Winter safety hazards at Gustavus

This winter has not been normal. Records have been set, or nearly set, for snow cumulation and low, low, temperatures. With cold weather and blizzards come bad road conditions, broken heaters, and cold water. As every Gustie knows, this can mean delayed starts (if we are lucky), canceled classes, and finger-freezing walks to class.

The last blizzard we endured was one of the worst I have experienced at Gustavus, perhaps the worst of my twenty years of living in Minnesota. The winds were whipping, the ice was frozen, and the snow was piling. The known-to-all triple threat. Within the first few hours, activities were canceled for Sunday and roads were shutting down. It looked to be a weekend full of Netflix and bags of popcorn for meals, and that was definitely what it turned out to be.

As soon as the snow began to pile up past my waist and the wind blow-dried my hair, I knew that travel of any sort would be incredibly difficult. Upon waking up on Sunday, I got alerts from the National Weather Service about closed roads, cities being in states of emergency, and snapchats of cars stuck in the middle of the road and abandoned there.

My roommate tried to go to work and was one of the unlucky people who had to leave their cars in the middle of a street. When she got back, thanks to the help of a Campus Safety officer, she informed me that the man who had given her a ride and attempted to get her unstuck was the only Campus Safety officer on campus that day-not because the rest decided to call it a day and not come in, but because he was the only one who could physically make it there. I did not think twice about this as I knew I would never risk my own safety, and others on the road, to make it to work when roads are shut down and I am told to drive only in an emergency.

I was caught off-guard when my classmates were upset due to the fact that Campus Safety and the grounds crew was unable to assist with stranded cars and unplowed sidewalks. The arguments did make sense: students were put in potential danger by unheated apartments and stuck cars. But what did not make sense is the argument that there should have been workers scheduled.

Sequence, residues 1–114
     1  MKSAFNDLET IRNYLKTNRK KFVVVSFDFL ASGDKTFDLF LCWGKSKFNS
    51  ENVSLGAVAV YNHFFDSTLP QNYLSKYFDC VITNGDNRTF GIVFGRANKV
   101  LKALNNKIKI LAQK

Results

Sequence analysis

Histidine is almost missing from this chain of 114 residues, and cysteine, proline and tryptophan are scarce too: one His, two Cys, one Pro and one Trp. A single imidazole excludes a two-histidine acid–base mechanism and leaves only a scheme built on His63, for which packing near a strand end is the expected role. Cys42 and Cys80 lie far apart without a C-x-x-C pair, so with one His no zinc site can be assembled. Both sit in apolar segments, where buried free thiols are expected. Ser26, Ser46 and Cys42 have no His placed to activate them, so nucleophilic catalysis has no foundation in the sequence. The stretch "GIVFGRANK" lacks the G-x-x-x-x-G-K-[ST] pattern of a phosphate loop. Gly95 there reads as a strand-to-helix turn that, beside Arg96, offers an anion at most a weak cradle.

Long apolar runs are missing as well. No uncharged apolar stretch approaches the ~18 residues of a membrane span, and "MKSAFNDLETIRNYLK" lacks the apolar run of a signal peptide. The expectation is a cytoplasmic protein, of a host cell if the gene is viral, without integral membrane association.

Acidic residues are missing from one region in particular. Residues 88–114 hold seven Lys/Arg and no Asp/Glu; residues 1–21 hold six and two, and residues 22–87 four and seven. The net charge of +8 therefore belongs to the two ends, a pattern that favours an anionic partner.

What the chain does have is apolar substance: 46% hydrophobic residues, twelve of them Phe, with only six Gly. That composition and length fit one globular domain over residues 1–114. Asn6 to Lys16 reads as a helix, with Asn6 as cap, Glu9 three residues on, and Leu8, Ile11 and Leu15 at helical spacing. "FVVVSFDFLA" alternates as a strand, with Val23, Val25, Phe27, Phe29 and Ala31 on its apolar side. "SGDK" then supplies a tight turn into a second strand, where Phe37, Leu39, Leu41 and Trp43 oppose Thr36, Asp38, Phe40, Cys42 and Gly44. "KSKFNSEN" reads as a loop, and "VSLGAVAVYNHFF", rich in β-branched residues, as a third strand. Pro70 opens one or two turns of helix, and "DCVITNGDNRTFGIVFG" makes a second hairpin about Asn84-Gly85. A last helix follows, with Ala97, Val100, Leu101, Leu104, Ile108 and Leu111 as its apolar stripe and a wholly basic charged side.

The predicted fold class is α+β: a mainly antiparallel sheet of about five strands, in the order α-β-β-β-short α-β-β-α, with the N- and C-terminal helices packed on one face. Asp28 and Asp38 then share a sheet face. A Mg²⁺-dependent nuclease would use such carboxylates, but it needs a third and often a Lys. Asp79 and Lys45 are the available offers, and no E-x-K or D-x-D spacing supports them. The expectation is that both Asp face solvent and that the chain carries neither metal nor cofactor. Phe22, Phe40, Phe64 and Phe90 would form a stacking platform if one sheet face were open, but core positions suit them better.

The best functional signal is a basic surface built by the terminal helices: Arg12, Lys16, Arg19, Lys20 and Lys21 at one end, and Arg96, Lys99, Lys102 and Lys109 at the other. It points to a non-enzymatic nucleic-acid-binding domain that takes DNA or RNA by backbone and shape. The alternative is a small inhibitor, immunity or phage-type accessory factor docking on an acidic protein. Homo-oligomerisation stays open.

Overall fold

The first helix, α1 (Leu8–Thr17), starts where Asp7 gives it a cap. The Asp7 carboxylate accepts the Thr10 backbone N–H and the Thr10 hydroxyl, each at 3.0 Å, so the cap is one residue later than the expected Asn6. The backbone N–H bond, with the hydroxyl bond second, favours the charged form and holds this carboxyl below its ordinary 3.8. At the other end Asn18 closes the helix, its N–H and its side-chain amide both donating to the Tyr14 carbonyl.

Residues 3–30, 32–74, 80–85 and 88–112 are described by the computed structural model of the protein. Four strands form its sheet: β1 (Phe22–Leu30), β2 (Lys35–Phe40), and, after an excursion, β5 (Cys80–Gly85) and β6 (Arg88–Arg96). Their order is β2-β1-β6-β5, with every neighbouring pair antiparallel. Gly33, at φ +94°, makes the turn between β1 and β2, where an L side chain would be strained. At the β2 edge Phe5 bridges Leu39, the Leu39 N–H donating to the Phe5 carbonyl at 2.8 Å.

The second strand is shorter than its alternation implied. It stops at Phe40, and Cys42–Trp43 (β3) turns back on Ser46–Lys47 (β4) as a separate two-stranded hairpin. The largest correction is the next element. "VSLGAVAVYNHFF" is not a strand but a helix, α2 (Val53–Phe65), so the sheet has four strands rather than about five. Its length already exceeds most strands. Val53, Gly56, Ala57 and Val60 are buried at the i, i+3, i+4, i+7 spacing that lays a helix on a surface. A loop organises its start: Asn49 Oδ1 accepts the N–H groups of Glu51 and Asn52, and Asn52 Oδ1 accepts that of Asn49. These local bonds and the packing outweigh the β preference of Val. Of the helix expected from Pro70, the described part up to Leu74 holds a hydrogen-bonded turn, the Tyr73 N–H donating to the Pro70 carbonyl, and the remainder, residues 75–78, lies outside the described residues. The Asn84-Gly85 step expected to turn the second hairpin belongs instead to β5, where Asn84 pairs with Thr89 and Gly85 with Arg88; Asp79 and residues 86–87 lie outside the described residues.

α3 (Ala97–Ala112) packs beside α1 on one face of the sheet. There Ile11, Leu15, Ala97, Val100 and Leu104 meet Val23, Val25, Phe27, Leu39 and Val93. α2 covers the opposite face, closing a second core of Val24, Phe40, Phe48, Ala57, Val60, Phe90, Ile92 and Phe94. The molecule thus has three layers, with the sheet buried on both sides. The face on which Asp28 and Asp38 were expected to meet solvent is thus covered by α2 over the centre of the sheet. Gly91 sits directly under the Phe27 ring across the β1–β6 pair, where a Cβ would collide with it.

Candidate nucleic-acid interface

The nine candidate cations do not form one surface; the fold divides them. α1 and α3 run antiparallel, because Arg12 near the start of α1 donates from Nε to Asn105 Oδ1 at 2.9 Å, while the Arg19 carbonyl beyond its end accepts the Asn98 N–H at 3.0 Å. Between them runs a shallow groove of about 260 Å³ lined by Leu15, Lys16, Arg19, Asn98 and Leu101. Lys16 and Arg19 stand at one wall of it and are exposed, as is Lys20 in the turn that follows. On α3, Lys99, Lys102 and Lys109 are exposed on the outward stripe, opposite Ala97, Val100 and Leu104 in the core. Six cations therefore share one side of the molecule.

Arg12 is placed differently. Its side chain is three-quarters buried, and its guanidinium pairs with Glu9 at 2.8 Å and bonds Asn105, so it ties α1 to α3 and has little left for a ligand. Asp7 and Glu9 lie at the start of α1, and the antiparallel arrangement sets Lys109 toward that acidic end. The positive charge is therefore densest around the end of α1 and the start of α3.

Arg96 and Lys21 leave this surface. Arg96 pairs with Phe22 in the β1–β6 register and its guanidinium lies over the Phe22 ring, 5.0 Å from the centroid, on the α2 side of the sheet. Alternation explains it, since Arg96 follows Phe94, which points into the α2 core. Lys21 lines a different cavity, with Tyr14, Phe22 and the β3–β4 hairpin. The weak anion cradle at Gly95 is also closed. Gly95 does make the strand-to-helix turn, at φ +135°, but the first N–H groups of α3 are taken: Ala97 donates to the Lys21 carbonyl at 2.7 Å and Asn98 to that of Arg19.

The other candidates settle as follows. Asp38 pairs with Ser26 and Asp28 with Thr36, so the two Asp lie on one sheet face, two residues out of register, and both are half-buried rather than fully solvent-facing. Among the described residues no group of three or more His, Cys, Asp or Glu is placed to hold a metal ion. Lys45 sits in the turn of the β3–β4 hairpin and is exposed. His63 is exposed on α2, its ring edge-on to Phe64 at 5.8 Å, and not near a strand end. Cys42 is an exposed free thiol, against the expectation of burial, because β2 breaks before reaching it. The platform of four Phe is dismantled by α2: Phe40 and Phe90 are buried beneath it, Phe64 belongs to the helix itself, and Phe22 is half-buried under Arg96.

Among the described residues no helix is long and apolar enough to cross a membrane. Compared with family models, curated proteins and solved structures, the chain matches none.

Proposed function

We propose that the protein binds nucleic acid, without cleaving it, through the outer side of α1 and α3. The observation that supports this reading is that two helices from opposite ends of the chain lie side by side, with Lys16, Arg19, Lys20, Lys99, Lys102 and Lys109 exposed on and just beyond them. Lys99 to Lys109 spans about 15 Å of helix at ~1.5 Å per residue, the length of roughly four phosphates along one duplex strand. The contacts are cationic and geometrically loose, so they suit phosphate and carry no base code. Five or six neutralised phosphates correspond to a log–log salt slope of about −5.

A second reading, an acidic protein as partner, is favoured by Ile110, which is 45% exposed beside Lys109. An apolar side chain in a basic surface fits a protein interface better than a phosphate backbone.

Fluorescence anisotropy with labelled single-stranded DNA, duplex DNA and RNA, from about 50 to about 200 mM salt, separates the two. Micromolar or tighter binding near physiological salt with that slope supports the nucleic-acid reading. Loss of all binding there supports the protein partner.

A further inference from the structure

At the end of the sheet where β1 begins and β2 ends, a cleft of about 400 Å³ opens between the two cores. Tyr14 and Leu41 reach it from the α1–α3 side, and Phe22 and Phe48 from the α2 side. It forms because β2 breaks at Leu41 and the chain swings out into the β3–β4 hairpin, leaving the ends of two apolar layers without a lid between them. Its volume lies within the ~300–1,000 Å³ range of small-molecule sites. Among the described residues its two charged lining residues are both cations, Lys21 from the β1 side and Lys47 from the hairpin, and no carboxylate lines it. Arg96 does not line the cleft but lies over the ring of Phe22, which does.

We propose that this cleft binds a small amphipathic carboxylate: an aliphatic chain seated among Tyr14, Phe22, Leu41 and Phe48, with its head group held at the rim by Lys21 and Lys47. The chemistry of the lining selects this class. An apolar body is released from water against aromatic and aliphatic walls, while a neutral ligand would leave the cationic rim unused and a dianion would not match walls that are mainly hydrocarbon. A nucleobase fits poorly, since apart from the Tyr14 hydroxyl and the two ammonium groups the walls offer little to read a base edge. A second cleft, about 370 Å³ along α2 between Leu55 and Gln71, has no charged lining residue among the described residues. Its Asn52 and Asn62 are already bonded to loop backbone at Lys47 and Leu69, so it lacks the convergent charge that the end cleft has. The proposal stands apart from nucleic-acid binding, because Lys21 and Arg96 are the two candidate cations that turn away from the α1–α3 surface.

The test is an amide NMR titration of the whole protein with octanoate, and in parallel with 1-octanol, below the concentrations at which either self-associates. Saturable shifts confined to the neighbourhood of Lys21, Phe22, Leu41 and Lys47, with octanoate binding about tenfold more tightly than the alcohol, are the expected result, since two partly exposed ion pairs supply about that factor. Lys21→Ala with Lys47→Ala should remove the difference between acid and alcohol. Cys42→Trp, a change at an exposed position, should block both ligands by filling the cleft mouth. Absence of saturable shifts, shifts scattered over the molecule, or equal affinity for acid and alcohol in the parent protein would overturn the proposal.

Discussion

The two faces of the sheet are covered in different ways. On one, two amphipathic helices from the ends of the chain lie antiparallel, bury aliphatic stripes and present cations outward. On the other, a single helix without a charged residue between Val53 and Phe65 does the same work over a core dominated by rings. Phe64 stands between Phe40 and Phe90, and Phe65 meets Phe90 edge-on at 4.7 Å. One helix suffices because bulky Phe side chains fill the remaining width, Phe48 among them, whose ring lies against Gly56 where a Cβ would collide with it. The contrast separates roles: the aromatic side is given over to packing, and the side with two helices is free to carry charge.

I am positive that there were Campus Safety officers and grounds crew workers scheduled for Sunday, but I am also certain that the blizzard also caught them as off-guard as it did us. It may have just been me, but I did not expect the conditions to be quite as severe as they turned out to be. I do not speak for the officers and grounds crew, but I am sure that they expected to be able to, at least, drive up to campus–assuming they live in St. Peter-even if the conditions were not ideal.

It is hard to live on a residential campus and have your heat go out. It is difficult to struggle walking to places on campus due to large drifts of snow, and it is frustrating when you cannot take a hot shower.

But it is also unfair to expect workers to risk getting stuck, spinning out, or being stranded in such severe conditions. It was nearly impossible to drive a block on campus, let alone up the various hills to get onto campus. Yes, it would be convenient to have a live-in handyman or landlord of sorts to address these issues in times of snow crises, but it simply does not exist at this moment in time at Gustavus, unfortunately.

There are certainly flaws in the residential system, but those are not solvable in one day, let alone in the middle of a blizzard. If one good thing came out of the cold water, stranded cars, and freezing apartments, it is that these are serious issues ,and that they need to be addressed. It is incredibly unfortunate that they happened and they all have a certain degree of risk for those experiencing them. But it is wrong to place blame on the shoulders of those who could not make it to work in the blizzard.